Doctors Strike: Medical Interns Demand for Shs 1.5M Monthly Salary Increment


Police officers block medical interns during their strike in 2016
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A week into the strike by doctors, medical interns have also demanded for an increment in their remuneration as well as improved general working conditions. The intern doctors have demanded Shs 2.5 million in net monthly salary failure of which they will not resume their services.

For long, medical interns have decried the failure by government to avail their financial facilitation on time in addition to lack of accommodation for them in health facilities.

An intern is someone who has completed their medical training from a recognized institution and is attached to an accredited health facility to acquire practical skills under the supervision of practicing doctors. Internship, a one year training is a professional prerequisite in order for someone to be licensed.

The interns spend 6 months in surgical specialty and the remaining 6 months in medical specialty.

On Friday, during a press conference organized by the Uganda Medical Association, Robert Lubega who is the President of Medical Interns in Uganda said they are joining the doctors’ strike in protest of the poor conditions in which they are working.

“We demand to be paid Shs 2.5 million (net) as monthly salary for now, or else we shall also jeep our tools down,” Lubega told journalists.

The interns have been getting Shs 940,000 every month, so their new demand is a 163% increase.

Lubega disputed the claims by Ministry of Public Service through the media that each intern had received Shs 940,000 saying that the actual sum received was only Shs 540,000.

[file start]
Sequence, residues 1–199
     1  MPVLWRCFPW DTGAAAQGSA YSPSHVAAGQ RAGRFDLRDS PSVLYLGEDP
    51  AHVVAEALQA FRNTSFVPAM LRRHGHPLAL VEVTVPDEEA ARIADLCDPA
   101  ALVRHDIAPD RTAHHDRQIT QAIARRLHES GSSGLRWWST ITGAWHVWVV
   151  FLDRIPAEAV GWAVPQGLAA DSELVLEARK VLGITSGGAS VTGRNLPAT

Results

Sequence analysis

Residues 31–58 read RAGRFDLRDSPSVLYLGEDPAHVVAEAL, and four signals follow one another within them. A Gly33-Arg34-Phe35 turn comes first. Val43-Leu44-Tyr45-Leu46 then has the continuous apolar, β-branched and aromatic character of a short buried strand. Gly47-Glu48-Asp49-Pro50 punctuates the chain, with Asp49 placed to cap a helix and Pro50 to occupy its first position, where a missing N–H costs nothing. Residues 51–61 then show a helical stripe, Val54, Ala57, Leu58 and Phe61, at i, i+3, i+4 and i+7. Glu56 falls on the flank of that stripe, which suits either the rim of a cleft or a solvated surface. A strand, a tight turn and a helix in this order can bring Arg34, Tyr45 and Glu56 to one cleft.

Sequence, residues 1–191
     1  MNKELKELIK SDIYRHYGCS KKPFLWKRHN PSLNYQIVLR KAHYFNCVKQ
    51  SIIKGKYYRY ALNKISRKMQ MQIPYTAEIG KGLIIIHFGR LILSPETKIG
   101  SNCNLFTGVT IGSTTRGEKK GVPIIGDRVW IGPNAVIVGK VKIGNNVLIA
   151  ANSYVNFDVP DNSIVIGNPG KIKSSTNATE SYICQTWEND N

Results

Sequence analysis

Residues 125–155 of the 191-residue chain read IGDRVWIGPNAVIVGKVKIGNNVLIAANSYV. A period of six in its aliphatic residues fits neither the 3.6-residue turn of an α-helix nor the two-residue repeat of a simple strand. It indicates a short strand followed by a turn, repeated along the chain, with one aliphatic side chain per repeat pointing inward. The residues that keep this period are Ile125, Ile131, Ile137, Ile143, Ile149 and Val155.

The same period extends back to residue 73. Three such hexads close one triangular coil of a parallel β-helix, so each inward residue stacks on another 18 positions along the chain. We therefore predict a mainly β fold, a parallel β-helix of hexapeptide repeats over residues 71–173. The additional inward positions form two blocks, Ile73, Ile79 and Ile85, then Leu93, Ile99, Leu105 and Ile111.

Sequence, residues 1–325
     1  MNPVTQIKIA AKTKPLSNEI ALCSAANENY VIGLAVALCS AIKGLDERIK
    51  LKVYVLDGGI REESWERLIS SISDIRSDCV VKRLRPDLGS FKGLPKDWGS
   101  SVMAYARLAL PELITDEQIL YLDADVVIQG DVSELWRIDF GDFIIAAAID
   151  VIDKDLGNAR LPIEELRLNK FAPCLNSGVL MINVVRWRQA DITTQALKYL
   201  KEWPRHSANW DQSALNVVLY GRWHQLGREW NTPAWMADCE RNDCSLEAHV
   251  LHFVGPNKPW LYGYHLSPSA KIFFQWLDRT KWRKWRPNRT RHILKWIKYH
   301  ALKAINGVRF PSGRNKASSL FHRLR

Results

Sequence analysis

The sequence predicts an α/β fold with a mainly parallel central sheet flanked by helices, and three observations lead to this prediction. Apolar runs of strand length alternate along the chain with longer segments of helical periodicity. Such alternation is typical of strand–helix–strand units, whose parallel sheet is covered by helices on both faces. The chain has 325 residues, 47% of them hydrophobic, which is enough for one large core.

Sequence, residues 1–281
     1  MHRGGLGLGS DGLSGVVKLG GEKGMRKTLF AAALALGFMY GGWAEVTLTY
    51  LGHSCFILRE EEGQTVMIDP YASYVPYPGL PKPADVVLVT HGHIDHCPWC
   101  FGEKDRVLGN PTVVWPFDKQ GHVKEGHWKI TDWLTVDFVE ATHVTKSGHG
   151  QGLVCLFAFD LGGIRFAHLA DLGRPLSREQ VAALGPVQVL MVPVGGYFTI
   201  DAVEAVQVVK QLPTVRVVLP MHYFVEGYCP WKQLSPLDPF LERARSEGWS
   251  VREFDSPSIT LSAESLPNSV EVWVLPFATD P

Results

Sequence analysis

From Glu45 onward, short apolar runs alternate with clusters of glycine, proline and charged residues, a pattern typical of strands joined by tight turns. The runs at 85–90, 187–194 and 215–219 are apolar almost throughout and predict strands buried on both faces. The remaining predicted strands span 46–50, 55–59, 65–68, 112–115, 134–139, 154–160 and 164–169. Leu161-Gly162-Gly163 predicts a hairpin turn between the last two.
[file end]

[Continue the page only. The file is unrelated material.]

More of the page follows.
On top of their salary demands, the interns want government to provide decent meals and accommodation that befits the service they offer to the country.

“When you break down the Shs 540,000, you will notice that Shs 90,000 of that goes to accommodation and Shs 8,000 to meals per day. There is no way an intern can get decent accommodation or meals with that money,” Lubega added.

Among the irreducible demands that the doctors have put to government as conditions for lifting their strike is regularizing intern doctors in the public service structure. This includes provision of a salary, complete meals and accommodation at their workplaces.

Dr. Sam Oledo who heads Welfare of the Uganda Medical Association clarified that medical interns are not students as most people have been misled to believe but rather doctors. As such, he said that they deserve to get decent treatment in their course of work.

Commenting on Health Minister Dr. Ruth Aceng’s threat to terminate the apprenticeship of interns if they did not withdraw from the strike, Dr. Oledo said; “Interns are supervised by doctors. So, if the doctors are on strike, it makes no sense forcing interns to return to the health facilities”.

Some argue that the role of medical interns should not be downplayed since they have often bridged the huge human resource gap in health facilities, particularly at Mulago National Referral Hospital.

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